The jury found Petitioner guilty of first degree murder and personal use of a firearm. The trial court sentenced Petitioner to 50 years to life in prison. The trial court denied Petitioner's motion for a new trial. The appellate court affirmed his conviction.

Discussion

Magistrate Judge Adler correctly identified the legal standard for a petition under 28 U.S.C. § 2254. Petitioner is entitled to relief only upon a showing that he is in custody "in violation of the Constitution or laws or treaties of the United States." 28 U.S.C. § 2254. Petitioner must demonstrate the state court's decision, rejecting his claim of ineffective assistance of counsel and erroneous admission of evidence, was "contrary to, or involved an unreasonable application of, clearly established Federal law, as determined by the Supreme Court of the United States . . . ."

28 U.S.C. § 2254(d)(1).

Petitioner contends his trial counsel's representation was constitutionally ineffective in three respects: (1) counsel failed to obtain a gunshot residue test that "could have raised a reasonable doubt that Mr. Rountree was the perpetrator;" (2) counsel failed to obtain an expert in eyewitness identification to testify regarding Devasher's mental state and the effects of taking/not taking Thorazine; and (3) counsel failed to obtain a weather expert to testify regarding the relationship between the weather conditions and warmth of the hood of the car. Petitioner also argues the trial court erred in admitting two pieces of evidence at trial: a knotted sock, containing gunshot residue, found on the ground near the driver's side of his vehicle which was parked a block and a half from the crime scene; and (2) a prior incident where police officers found him in possession of a handgun in the door of his car wrapped in a sock. Magistrate Judge Adler determined each of these claims lacked merit.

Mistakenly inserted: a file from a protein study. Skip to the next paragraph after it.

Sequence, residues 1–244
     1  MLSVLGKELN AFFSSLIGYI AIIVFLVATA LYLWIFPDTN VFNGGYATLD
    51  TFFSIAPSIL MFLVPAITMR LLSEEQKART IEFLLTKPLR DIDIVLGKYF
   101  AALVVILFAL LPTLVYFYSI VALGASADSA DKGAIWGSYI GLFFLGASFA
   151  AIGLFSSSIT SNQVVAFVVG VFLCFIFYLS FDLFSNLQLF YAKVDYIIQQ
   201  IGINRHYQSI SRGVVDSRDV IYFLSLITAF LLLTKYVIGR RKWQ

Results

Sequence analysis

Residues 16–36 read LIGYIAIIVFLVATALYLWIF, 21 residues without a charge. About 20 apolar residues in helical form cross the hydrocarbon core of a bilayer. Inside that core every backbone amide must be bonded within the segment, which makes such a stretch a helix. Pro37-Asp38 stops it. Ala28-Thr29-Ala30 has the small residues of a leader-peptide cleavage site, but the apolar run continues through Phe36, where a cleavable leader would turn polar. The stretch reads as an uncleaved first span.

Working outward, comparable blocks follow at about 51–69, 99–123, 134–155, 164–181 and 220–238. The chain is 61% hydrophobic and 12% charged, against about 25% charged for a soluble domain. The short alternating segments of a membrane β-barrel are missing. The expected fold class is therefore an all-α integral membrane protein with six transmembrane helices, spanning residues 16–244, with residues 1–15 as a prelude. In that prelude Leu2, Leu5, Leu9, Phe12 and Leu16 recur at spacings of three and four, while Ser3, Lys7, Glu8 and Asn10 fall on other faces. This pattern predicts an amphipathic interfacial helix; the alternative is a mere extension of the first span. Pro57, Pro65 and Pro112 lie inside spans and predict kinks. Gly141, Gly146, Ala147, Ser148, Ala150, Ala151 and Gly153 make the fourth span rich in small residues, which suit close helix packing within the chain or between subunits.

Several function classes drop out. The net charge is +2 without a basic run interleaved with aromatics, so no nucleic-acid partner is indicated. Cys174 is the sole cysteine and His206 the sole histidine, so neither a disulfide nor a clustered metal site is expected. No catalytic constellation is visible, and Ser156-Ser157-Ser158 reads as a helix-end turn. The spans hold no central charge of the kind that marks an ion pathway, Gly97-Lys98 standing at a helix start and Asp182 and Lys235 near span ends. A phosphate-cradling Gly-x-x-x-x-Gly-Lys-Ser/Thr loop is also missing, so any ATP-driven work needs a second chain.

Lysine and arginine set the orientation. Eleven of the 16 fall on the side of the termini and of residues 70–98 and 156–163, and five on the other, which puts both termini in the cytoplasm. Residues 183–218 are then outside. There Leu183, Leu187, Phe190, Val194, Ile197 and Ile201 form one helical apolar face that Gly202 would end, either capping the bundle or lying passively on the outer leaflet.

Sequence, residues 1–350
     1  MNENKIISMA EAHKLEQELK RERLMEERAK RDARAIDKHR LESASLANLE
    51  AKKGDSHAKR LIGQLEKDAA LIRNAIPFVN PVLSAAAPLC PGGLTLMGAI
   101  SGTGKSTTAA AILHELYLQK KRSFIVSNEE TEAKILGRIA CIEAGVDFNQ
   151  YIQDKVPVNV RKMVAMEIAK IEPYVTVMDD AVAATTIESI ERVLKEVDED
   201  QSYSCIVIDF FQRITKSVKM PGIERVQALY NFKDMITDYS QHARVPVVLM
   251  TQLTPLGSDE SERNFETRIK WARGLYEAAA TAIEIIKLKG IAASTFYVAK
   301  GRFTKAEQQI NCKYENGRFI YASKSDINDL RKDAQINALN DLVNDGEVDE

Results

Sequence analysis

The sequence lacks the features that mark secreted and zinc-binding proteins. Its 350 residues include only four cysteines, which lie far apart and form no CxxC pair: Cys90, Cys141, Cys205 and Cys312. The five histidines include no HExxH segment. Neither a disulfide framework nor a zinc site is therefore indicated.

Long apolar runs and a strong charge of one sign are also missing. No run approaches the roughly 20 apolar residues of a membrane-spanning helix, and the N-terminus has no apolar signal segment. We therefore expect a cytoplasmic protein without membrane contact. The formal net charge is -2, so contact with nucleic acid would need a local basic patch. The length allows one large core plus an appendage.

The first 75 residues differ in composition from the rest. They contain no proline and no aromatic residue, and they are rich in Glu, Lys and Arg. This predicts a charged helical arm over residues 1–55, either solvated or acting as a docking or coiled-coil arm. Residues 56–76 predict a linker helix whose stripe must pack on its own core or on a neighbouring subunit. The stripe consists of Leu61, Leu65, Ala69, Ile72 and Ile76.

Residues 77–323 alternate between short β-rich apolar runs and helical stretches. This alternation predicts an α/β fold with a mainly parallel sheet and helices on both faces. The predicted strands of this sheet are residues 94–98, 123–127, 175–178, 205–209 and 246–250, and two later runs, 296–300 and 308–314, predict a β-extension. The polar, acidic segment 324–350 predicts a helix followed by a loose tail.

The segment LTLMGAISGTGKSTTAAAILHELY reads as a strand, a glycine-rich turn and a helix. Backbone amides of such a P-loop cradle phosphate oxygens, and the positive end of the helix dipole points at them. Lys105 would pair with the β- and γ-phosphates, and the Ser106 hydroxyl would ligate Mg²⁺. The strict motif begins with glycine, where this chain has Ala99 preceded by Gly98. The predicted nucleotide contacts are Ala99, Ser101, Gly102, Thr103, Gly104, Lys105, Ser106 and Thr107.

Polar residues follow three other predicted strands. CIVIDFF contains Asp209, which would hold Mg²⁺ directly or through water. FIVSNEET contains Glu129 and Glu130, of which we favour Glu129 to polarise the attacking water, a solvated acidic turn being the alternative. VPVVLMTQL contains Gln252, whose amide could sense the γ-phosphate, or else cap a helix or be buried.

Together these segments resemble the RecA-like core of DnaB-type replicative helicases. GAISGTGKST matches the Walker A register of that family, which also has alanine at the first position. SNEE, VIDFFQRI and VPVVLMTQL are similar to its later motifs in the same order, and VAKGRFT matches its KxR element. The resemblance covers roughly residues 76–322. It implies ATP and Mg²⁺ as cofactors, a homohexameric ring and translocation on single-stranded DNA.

A. Ineffective Assistance of Counsel

Magistrate Judge Adler correctly identified the clearly established federal law to be applied to Petitioner's ineffective assistance of counsel claims. Under clearly established U.S. Supreme Court law, to establish ineffective assistance of counsel, Petitioner must show: (1) "counsel's representation fell below an objective standard of reasonableness"; and (2) there is a reasonable probability that, but for counsel's errors, the result of the proceeding would have been different. Strickland v. Washington, 466 U.S. 668, 690, 692 (1984). The Court must review counsel's performance deferentially. Additionally, a wide measure of deference must be given to counsel's tactical decisions. Indeed, Strickland notes that "counsel's tactical decisions are virtually unchallengeable." Strickland at 690; see also, Furman v. Wood, 190 ...


Buy This Entire Record For $7.95

Download the entire decision to receive the complete text, official citation,
docket number, dissents and concurrences, and footnotes for this case.

Learn more about what you receive with purchase of this case.